Big Plans for a Bernal Heights Infill Project in PlayFebruary 10, 2023
As designed by Kerman Morris Architects and rendered below, plans for two new condos to rise on the undeveloped Bernal Heights lot at 1513 York Street have been drafted, but that’s not all.
In addition to the duplex fronting the street, plans for another four duplex buildings to rise on the undeveloped lots in the middle of the block, for a total of ten new view residences, averaging around 1,500 square feet apiece, have been drawn as well, with “a park-like, campus-style setting” and “natural landscape buffer surround” from the existing view homes that ring the block.
And with a “non-appealable” site permit for the development having been issued, the three parcels and plans for the project are now on the market with a $3.5 million price tag. We’ll keep you posted and plugged-in.
Comments from Plugged-In Readers
This is truly a hidden lot – I lived in this area for years before realizing it was there.
Would be great to see development of the lot, but it’s been discussed literally for decades at this point (see name link) without anything happening.
so how do the fire engines get back there in a fire? that’s a pretty narrow-looking pathway for 150+ feet
The fire engines need not be parked right in front of the property. They can run their hoses down the pathway.
I agree that the provision of fire access is a very good question.
I thought typically one had to provide a truck turnaround for any drive that exceeds 150′. But if there is a site permit, that would suggest the question/issue has been resolved.
The video on the broker’s site with humanoids moonwalking in different locations is either charming or off-putting.
Three-high stacked tandem parking? That seems expensive and a nightmare to use.
Good luck to the sellers!
Interesting. No mention of parking — looks like there is a garage door, but unless they’re planning a massive (and massively expensive) underground garage, is probably limited to a couple cars.
I’m also intrigued by the “optional push cart storage area”. With a long, narrow access road, small wheeled vehicles are definitely going to be frequently used. If I were designing the place, I would add mini-garages/utility rooms to each building — maybe just 100 sf or even less — which could be used for motorcycles, disability scooters, e-cargo bikes, etc.
(not intended as a reply to the other comment)
If you follow the link to their website, there’s a video showing multiple stacked parking slots in at least one of the buildings facing the street. Not sure how many total there are, though I imagine it’s listed somewhere.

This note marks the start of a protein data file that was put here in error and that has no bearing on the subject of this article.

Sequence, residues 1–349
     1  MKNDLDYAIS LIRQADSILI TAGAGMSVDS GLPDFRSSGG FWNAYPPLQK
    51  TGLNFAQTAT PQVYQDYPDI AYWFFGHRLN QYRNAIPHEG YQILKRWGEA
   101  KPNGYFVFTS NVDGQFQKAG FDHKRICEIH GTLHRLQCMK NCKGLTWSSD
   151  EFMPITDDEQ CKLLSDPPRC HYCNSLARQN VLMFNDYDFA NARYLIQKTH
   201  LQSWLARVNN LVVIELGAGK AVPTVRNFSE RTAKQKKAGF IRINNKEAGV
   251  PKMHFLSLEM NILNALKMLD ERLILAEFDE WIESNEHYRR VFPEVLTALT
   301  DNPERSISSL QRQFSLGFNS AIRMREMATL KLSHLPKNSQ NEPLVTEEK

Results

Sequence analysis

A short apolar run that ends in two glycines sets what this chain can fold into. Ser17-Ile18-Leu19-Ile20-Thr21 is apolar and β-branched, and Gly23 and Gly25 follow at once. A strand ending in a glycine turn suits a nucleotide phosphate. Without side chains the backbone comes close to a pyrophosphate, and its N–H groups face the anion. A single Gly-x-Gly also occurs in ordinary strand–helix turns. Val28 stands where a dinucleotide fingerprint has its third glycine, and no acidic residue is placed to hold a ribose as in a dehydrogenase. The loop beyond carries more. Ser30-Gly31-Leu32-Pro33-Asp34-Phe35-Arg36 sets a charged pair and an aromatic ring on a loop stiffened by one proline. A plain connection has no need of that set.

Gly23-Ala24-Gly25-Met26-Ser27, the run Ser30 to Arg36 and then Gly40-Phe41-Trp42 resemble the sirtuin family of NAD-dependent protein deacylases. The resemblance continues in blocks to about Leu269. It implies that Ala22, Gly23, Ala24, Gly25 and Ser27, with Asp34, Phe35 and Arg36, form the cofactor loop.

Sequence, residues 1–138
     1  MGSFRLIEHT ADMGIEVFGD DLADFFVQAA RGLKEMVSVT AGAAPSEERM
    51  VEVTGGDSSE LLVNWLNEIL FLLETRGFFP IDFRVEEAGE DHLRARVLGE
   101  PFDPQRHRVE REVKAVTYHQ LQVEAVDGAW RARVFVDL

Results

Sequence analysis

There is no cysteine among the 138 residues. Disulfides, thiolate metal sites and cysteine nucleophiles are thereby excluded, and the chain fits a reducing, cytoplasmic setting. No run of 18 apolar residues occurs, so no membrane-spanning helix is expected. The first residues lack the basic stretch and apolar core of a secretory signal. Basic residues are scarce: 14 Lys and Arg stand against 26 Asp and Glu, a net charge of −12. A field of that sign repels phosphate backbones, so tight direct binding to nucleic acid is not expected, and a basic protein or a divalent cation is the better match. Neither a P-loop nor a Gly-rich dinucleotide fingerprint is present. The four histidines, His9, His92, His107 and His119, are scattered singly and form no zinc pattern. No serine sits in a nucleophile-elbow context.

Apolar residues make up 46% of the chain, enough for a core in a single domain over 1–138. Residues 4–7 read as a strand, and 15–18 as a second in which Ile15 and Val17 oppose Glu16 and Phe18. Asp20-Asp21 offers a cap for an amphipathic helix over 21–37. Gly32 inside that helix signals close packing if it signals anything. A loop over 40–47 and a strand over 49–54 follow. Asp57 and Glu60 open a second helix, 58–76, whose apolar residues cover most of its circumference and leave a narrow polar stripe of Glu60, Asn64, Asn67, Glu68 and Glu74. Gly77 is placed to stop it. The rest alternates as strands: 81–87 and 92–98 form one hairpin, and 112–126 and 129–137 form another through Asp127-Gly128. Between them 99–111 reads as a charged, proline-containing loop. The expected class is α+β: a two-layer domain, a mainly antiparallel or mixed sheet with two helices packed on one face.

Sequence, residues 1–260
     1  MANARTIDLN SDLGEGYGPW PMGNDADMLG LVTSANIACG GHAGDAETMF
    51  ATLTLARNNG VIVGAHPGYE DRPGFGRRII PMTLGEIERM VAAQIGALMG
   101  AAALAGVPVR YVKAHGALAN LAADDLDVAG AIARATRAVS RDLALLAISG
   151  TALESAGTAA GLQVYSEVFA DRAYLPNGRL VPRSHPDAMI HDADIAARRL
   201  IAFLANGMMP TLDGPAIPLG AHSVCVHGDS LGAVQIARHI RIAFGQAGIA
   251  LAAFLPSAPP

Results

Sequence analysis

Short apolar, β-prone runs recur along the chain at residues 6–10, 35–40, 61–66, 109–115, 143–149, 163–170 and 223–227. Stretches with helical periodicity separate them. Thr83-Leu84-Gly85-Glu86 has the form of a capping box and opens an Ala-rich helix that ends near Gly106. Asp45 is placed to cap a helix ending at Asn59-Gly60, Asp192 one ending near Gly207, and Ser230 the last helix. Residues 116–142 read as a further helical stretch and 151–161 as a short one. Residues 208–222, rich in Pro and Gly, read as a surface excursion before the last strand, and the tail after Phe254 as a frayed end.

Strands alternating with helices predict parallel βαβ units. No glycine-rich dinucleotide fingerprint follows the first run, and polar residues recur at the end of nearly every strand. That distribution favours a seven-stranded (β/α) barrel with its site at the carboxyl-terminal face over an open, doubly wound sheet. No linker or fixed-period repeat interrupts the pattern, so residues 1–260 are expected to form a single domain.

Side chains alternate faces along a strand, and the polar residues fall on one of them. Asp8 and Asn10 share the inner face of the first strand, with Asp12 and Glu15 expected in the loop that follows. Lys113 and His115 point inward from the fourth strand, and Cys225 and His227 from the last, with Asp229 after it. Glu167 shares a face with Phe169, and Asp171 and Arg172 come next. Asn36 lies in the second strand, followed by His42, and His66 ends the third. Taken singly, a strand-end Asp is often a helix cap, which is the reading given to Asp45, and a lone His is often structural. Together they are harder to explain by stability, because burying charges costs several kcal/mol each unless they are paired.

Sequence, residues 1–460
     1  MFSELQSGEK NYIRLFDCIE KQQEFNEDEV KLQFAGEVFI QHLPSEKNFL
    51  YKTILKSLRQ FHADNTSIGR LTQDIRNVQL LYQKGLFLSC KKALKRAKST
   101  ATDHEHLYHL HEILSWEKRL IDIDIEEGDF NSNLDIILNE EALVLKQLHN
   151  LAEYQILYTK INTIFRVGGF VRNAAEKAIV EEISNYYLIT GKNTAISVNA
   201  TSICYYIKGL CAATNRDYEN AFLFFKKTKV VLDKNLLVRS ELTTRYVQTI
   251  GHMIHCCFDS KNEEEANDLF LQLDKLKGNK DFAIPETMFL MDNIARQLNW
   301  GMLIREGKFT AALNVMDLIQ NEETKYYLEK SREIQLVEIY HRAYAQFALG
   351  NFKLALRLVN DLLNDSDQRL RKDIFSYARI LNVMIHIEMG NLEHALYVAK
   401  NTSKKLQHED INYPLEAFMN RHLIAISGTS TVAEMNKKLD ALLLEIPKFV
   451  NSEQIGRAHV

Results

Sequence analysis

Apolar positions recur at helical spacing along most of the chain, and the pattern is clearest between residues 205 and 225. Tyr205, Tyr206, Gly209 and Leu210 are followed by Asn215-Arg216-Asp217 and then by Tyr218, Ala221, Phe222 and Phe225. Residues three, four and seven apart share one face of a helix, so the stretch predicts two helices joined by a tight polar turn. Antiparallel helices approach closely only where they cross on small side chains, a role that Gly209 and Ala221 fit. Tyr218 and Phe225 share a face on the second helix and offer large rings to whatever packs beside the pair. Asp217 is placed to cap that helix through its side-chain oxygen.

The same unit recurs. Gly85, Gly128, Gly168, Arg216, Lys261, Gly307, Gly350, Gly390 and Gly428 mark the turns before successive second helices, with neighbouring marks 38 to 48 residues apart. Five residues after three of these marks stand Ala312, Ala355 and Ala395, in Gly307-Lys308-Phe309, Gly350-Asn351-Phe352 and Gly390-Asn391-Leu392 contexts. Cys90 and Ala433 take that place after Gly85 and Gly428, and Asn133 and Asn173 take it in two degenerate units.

I can see the sales promotions now…at least for the duplex facing York.
“Live on the street of the prelude to the car chase in Bullitt”
re: fire engines. I haven’t looked at any of the submitted docs, but I think it’s safe to assume the units are sprinklered.
Seems like it was just the other day one of the regular chain yankers here was saying:
So here we are, with a an entitled project for houses (well, a mixture of townhomes and flats) that was proposed and approved by an established developer using the current path under the law and that developer is not only not falling “all over themselves to build” but actively attempting to unload the entitled project at a profit. So clearly, at least in this example, the path under the law is not the problem.
To be fair, that comment was left in a thread discussing an emerging trend toward population decline in S.F., so perhaps the seller of this project is projecting that when the project is built, the completed units won’t be sold for an amount that produces the desired return on investment given the reduced level of demand available at that future sales date. I disagree with that assessment, but at least it’s one rational explanation.
Or perhaps he only meant detached single family homes. Well, then I agree and there’s no way around it, it’s going to be easier and cheaper to build detached SFH’s in a state featuring wide expanses of flat prairie than the tip of a hilly peninsula, but there’s nothing the law can change about that to entice developers to actually build here.
Another one would be that the seller is attempting to extract a portion of the profit produced by the completed project for themselves without doing any actual, like, building. Definitive statistics on this practice are difficult to come by, but the chain yankers in these comment threads should consider whether or not the prevalence of this tactic in San Francisco is one reason why more folks involved in property development aren’t falling over themselves to build here.
I think it was Frank Sobotka who once famously said “You know what the trouble is…? We used to make stuff in this country, build stuff. Now we just put our hand in the next guy’s pocket.” Tim and Mark are putting their hands in the next guys pocket here.
How many units have you built in San Francisco? How have you obtained real experience in the development of new housing?
if it was me and in the spirit of getting the most for the least, i’d turn it into a private parking lot.
the locals on/near that block/entrance + fleet vehicles.
minimal investment and good cash flow
I think it’s a good use of space for medium-density living. I’ve seen shared garage spaces like this in Germany in office towers and shopping centers. If manufacturered correctly, they actually work quite well.
I so feel sorry for those lost souls in the video who in and endless loop while life moves foward without them. Feels like an episode of Black Mirror.
I started hearing about this property like 10 years ago, I think. Yet at this very late stage, it’s being marketed with a site permit only? I cannot imagine dealing with the Building Dept over 10 units of housing. God bless.
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